Russian, Ukrainian Presidents Find Common Ground on Ukraine Crisis
A Russian official says President Vladimir Putin and his Ukrainian counterpart, Petro Poroshenko, largely agree on what needs to be done to resolve the Ukraine crisis.
Russian news agencies quote presidential spokesman Dmitry Peskov as saying the two leaders exchanged views in a phone conversation on ways to stop the "bloodshed" in southeastern Ukraine. Peskov said the views of Mr. Putin and Mr. Poroshenko "largely coincide" on possible ways out of the crisis.
Ukrainian troops and pro-Russian rebel forces have engaged in fierce clashes in eastern Ukraine. A Ukrainian military spokesman, Andriy Lysenko, said Tuesday that 15 Ukrainian soldiers have been killed in fighting in the east since early Monday.
Most of the fighting has been around the city of Donetsk, the rebels' largest stronghold and one of two major cities controlled by pro-Russian rebels seeking autonomy from Ukrainian rule.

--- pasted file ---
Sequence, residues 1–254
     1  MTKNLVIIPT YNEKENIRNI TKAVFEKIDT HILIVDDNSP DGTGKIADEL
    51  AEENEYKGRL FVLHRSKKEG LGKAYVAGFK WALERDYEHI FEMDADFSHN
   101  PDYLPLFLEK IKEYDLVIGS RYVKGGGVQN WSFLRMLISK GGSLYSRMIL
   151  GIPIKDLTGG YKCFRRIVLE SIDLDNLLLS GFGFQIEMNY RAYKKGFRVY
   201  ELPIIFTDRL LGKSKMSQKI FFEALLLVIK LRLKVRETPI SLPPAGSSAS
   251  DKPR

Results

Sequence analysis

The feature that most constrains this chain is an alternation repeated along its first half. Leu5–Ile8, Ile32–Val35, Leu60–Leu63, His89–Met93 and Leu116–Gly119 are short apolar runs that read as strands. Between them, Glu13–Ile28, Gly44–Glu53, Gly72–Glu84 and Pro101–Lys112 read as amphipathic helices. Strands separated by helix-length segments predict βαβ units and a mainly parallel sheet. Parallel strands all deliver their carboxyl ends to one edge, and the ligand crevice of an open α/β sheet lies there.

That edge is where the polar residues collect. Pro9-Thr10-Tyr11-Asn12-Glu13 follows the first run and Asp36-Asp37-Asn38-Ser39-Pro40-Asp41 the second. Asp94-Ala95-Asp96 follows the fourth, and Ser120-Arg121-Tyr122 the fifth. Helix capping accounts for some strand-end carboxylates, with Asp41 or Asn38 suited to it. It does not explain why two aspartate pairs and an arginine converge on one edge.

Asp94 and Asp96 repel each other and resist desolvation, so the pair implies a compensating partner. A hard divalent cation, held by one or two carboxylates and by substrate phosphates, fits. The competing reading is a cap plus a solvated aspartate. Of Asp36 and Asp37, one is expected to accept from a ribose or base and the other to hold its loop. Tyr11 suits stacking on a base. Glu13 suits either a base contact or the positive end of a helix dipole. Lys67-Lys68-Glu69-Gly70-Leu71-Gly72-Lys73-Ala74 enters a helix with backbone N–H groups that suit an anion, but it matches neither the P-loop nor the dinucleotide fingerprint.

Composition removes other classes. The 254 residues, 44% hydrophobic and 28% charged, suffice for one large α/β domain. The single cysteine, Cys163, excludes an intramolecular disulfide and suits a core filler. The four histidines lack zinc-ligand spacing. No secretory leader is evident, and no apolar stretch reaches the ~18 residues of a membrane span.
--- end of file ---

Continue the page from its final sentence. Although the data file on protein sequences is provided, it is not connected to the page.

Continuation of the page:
The other city is Luhansk.
Japan's Abe Includes 5 Women in New Cabinet
Five women have been named to Japan's new cabinet, underscoring Prime Minister Shinzo Abe's commitment to better utilizing women to help revitalize the economy.
The new 18-member lineup has more female members than any Japanese cabinet since 2001. It includes more than the outgoing cabinet, which had just two female ministers.
Prime Minister Abe has said he wants women to make up 30 percent of Japan's political and business leaders by 2020, to help address Japan's worsening shortage of workers.
Before the move was announced Wednesday, Chief Cabinet Secretary Yoshihide Suga said empowering women will be one of the "big pillars" of Mr. Abe's government.
Mr. Abe retained several key ministers, including Finance Minister Taro Aso, Foreign Minister Fumio Kishida, and Chief Cabinet Secretary Yoshihide Suga.
It is the first cabinet reshuffle for Mr. Abe, who has seen his popularity fall to around 50.